In the Tashkent international conference “The role of women in the democratic renewal and modernization of the country: the experience of Uzbekistan and international practice” the wide range of matters aimed at addressing issues of gender equality, increasing women’s role and opportunities in public administration and social protection of women were discussed. Increasing the socio-political activity of women, strengthening their role in government and society, ensuring the employment of women, graduates of vocational colleges, their widespread involvement in entrepreneurship and further strengthening the foundations of the family is set forth as a priority task in the Actions Strategy for 2017-2021. Expanding the role of women in public administration is also a key element of the national Sustainable Development Goal No.5. On October 20, 2018, the Government of Uzbekistan adopted a Resolution “On Measures for the Implementation of National Goals and Objectives in the Field of Sustainable Development for the Period until 2030”. Task 5.5. stipulates that it is necessary to “ensure the full and effective participation of women and equal opportunities for them to lead at all levels of decision-making in political, economic and public life”. Having a critical mass of women in leadership and decision-making positions is positive for human development in all countries. The world practice shows that increasing the representation of women in public administration leads to the fact that legislation is developed considering gender factors, the participation of women in politics suggests that the daily issues of women also begin to rise in parliamentary debates.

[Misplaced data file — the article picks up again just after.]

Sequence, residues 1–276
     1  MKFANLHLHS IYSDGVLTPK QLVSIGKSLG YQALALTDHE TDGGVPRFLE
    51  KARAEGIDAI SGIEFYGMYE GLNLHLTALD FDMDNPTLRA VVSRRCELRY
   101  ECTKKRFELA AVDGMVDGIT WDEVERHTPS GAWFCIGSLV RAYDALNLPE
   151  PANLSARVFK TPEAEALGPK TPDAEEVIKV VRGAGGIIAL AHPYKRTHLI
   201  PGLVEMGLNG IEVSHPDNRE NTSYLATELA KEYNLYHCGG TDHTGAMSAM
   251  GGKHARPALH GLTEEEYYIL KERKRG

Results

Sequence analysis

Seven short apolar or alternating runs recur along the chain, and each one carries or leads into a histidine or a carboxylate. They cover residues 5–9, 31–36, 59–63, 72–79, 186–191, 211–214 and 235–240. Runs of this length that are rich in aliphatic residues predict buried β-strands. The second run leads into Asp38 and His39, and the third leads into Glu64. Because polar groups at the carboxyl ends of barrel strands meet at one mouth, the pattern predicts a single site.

Conference participants also acknowledged the need to develop set of measures to create jobs for girls and women with disabilities, scientific, technical and national creativity among women, discuss partnerships and sign memorandums between the Women’s Committee of Uzbekistan and the main government and non-governmental organizations organizations that deal with women’s issues in Central Asia and other developed countries will be the focus of attention Conference Cove. These activities coincide with the Agenda 5- Gender equality aim of the SDG.
Conclusion and recommendations. To sum up, the data analyzed in the article shows that the European organizations are the most accepted organizations in Central Asia, besides to their North American and Russian counterparts indicating that these institutions play equidistant role vis-à-vis non-European establishments. Here the essential role could also be played by the international development agencies from the international community. These findings enhance the significance of the human development functioning in the CA countries, and the need for further reforms in the region underlining the successes achieved.